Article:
Tag Archives: Tuneage

Musical palate cleanser, “the greatest record producer ever” edition

A horrible man, a musical genius has passed away.

Phil Spector, one of the most influential and successful record producers in rock ’n’ roll, who generated a string of hits in the early 1960s defined by the lavish instrumental treatment known as the wall of sound, but whose life was upended when he was sentenced to prison for the murder of a woman at his home, died on Saturday. He was 81.

It’s a weird world we live in.


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Musical palate cleanser, “I am the natural born taildragger” edition

Could you use a little live Howlin’ Wolf this morning?  Everybody could use a little live Howlin’ Wolf this morning.

There’s a consummate performer for you.


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Musical palate cleanser, young love edition

Let’s get the week started with this peppy little number:

Come for the power pop; stay for the pubescent Rob Lowe.


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Musical palate cleanser, another great, gone edition

His health had been failing and he’d been out of the public eye for years, but this still comes as a shock and with great sadness:

Tony Rice, the bluegrass guitarist and vocalist known for his elegant, innovative flatpicking, died Friday at his home in Reidsville, North Carolina. He was 69. Rice’s death was confirmed by the International Bluegrass Music Association, which inducted him into its Bluegrass Music Hall of Fame in 2013.

Born David Anthony Rice in Virginia on June 8th, 1951, Rice learned about bluegrass from his father, an amateur musician who raised his family in Los Angeles, and Tony’s older brother Larry Rice, who played mandolin. When Tony was 20, he joined his sibling as a member of the New South, the bluegrass group led by banjoist J.D. Crowe. The band played throughout Kentucky and introduced Rice to Ricky Skaggs, who joined the New South in 1974. Upon his death, Skaggs heralded Rice as “the single most influential acoustic guitar player in the last 50 years.”

That’s not an exaggeration.

Rice’s death on Christmas morning resonated throughout the bluegrass world as well as the guitar-playing community at large. “The list of guitarists who reinvented the most played instrument in the world is very short. Eddie Van Halen, Jimi Hendrix… a few others. Tony Rice is on that list,” Charlie Worsham told Rolling Stone in an email. “Hang out long enough with a couple guitar players, and you’ll hear phrases like ‘Manzanita, or ‘Cold on the Shoulder,’ dropped into the conversation like code, like a test to see how much you know about the good shit. Anyone who strives to flat pick a guitar with a solid right hand, to meld raw physical power with the grace and precision of a hummingbird’s wings owes a debt of gratitude to Tony Rice.”

That is astounding stuff.

I don’t either.


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Musical palate cleanser, unexpected pleasure edition

Almost as if he personally wanted to make sure 2020 wasn’t a complete bummer, Al Green has, after a lengthy hiatus, released a new single.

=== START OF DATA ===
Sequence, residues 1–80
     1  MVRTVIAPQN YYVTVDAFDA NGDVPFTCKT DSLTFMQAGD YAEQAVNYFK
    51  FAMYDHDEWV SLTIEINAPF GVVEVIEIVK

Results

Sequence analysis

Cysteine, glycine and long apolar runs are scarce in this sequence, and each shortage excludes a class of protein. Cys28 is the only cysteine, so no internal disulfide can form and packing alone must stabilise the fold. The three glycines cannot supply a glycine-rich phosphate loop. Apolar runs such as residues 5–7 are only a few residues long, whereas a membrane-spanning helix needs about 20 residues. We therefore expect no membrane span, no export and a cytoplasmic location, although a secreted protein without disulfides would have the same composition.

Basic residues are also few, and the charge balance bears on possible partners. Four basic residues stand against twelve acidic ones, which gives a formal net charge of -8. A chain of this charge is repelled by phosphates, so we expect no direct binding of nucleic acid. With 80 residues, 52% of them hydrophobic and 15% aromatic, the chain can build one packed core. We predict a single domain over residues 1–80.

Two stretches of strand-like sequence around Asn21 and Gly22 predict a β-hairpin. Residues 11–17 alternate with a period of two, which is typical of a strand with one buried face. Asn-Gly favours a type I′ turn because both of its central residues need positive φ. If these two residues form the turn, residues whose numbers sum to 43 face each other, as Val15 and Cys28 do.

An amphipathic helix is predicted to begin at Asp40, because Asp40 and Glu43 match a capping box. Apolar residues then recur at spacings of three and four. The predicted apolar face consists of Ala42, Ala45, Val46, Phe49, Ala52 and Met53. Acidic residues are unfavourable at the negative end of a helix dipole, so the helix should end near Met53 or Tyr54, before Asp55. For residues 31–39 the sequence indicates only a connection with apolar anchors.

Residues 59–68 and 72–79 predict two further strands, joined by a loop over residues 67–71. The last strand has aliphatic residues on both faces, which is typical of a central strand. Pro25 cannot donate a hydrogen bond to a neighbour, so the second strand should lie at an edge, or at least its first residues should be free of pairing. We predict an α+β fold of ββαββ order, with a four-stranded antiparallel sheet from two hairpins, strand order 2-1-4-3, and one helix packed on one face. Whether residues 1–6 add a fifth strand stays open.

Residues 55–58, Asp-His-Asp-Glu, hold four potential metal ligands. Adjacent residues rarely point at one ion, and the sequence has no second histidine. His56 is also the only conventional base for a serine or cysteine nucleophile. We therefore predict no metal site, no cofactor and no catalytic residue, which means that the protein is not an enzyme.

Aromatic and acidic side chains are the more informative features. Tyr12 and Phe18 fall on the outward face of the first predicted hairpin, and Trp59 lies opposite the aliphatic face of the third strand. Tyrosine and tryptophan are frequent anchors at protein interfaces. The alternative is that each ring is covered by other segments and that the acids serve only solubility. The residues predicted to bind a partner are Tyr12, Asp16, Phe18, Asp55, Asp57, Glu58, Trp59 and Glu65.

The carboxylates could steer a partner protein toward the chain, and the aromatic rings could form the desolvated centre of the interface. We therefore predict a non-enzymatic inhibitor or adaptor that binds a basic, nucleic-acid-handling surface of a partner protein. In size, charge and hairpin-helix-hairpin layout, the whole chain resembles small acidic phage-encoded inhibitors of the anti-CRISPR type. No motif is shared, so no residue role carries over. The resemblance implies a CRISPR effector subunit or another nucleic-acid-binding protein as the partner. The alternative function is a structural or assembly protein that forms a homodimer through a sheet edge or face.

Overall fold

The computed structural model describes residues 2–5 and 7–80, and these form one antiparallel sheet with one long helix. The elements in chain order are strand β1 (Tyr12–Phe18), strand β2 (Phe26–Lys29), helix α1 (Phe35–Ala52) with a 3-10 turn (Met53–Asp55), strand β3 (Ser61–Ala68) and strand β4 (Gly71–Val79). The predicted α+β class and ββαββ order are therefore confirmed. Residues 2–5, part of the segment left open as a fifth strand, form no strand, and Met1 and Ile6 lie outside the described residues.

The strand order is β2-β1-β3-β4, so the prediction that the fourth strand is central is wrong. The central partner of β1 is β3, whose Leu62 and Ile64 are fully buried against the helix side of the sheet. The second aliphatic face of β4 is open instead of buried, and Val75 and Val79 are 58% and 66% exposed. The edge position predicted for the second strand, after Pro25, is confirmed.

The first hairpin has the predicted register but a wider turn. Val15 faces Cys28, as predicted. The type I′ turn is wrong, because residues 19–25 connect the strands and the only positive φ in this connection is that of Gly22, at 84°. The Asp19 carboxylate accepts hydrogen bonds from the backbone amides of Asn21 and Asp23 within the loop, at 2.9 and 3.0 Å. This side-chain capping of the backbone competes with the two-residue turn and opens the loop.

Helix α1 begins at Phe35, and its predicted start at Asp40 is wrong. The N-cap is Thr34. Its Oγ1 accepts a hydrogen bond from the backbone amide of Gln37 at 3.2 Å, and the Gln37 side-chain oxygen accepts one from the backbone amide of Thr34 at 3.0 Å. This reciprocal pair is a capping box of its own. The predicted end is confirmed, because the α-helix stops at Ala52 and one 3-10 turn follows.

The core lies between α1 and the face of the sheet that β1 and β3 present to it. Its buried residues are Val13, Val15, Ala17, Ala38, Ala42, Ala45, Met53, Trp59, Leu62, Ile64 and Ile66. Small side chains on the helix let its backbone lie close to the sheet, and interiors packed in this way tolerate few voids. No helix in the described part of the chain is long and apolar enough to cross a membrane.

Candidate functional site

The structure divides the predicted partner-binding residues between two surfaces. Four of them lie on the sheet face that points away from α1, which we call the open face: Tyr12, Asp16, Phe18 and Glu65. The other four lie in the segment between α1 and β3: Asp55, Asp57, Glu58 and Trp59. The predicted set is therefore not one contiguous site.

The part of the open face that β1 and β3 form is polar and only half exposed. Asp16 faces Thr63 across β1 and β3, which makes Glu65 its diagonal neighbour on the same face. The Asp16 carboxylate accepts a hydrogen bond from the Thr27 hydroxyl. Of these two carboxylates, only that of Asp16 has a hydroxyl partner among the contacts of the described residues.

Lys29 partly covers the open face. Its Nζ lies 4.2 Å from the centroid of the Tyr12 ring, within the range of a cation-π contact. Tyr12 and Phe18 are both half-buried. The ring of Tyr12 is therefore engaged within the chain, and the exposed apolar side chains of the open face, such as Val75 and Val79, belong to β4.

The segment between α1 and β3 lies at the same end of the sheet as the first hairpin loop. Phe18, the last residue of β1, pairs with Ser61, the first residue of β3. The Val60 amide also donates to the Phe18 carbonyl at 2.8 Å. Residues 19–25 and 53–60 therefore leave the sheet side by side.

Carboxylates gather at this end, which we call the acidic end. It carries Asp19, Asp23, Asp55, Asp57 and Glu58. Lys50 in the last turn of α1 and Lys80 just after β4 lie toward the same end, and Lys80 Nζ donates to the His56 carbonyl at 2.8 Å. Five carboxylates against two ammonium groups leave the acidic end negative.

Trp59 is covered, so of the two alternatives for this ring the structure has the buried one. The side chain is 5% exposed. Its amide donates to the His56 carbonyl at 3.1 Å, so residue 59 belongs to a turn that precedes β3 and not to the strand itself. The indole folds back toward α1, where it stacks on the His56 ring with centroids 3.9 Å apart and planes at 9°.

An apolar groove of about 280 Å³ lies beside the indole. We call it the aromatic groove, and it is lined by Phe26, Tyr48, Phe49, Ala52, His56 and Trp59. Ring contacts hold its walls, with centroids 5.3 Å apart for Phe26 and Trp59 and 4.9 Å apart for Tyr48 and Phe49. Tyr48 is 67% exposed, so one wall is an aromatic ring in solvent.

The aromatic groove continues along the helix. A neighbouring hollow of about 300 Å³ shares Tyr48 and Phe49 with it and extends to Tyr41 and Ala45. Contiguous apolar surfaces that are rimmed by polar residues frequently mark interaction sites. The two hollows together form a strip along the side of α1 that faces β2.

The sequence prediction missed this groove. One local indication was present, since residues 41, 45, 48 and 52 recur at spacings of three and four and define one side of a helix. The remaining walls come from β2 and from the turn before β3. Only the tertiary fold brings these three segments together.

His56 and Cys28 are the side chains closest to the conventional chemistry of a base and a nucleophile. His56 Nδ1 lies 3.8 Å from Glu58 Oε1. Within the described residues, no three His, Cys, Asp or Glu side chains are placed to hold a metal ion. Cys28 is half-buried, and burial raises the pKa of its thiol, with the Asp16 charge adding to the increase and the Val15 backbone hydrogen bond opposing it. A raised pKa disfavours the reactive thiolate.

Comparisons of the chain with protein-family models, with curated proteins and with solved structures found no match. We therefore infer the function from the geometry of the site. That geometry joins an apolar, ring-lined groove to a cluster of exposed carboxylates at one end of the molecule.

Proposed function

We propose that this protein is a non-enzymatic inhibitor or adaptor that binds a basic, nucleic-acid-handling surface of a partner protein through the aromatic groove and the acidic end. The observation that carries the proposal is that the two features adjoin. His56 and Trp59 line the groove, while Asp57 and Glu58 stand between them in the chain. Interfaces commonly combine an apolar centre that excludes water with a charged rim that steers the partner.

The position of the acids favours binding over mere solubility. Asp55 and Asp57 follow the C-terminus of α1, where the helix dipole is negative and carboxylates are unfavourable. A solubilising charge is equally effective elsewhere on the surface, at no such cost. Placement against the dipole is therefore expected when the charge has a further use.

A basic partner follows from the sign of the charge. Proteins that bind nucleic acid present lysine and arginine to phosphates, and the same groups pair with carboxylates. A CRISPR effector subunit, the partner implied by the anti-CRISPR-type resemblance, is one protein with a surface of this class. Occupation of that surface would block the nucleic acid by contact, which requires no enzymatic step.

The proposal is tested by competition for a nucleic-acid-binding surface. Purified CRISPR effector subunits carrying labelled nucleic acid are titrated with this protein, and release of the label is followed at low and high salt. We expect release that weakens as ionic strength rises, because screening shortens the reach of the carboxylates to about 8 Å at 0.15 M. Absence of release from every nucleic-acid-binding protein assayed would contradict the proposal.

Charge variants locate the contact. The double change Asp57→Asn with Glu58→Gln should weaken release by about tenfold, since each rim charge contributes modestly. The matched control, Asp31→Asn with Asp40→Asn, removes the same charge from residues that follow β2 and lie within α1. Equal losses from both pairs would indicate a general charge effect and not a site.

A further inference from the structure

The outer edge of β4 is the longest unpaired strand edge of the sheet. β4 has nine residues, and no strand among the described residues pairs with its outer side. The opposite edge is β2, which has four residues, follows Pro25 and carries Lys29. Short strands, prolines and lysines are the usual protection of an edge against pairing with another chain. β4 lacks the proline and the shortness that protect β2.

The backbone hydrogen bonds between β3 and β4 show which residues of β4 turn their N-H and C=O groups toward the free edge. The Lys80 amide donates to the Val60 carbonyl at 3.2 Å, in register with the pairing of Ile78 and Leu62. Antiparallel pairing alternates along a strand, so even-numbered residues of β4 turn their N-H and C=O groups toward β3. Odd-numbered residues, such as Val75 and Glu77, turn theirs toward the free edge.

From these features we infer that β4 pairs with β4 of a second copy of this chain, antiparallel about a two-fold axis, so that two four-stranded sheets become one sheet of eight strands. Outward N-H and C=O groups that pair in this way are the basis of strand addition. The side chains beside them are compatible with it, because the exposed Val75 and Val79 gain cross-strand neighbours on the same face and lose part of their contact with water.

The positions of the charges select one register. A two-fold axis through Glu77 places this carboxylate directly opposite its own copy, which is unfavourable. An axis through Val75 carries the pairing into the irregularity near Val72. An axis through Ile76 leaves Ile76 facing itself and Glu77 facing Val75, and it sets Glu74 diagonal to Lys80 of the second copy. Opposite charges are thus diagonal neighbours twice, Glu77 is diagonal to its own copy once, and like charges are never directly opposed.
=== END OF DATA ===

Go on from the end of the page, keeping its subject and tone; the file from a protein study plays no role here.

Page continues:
Let me repeat that:  there’s a new Al Green single!

I don’t know what we’ve done to deserve it, but from the bottom of my heart, thank you, sir.


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Musical palate cleanser, cover edition

Here’s Delbert McClinton, covering a 1968 R&B chart topper, “Can I Just Change My Mind”.

That’s a sweet, sweet groove there.


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Musical palate cleanser, bring your own lampshade edition

How ’bout a little introspective ‘Mats this morning?

“If bein’ wrong’s a crime, I’m serving forever” is one of Westerberg’s best lines ever.


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Musical palate cleanser, quasi-collaboration edition

How ’bout a little Zevon to get your day started?

From Bad Luck Streak in Dancing School, this is a song that Bruce Springsteen started (sorta) and Warren finished.  The live version below kills the album one.


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Musical palate cleanser, “these are the horns we wanted” edition

Today’s MPC is a little different — it’s not about a song; it’s about a… well, I guess you’d call him a glorified session musician.

Bobby Keys, as Charlie Watts refers to him, was the greatest rock saxophone player ever.  And his career was extraordinary.  That’s not an exaggeration, either.  Here’s a list of some of the musicians and groups he played with:  The Rolling Stones, Lynyrd Skynyrd, Buddy Holly, Elvis Presley, Keith Richards, Eric Clapton, Delaney & Bonnie, George Harrison, Ringo Starr, Warren Zevon, Joe Cocker, Joe Ely, Sheryl Crow, John Lennon, Leon Russell, Plastic Ono Band, Harry Nilsson and Paul McCartney.

Anyway, I mention all of this because last night I watched a documentary about his career, Every Night’s A Saturday Night, that was fabulous.

It’s almost startling to hear how casual he is about his career path.  It’s basically a Who’s Who of late sixties rock.  And it’s more than a little sad to hear him speak about his drug abuse and what that cost him with the Stones.

It’s on Amazon Prime and it’s well worth your time, especially if, like me, you’re a firm believer that the Mick Taylor-era Rolling Stones were the best rock band evah.  Highly recommended.


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Musical palate cleanser, John Prine tribute edition

Man, I really love some of these pandemic collaborative efforts.  Here’s one playing John Prine’s “Paradise”.  Beautiful and moving.

Have fun identifying all the artists in the comments.


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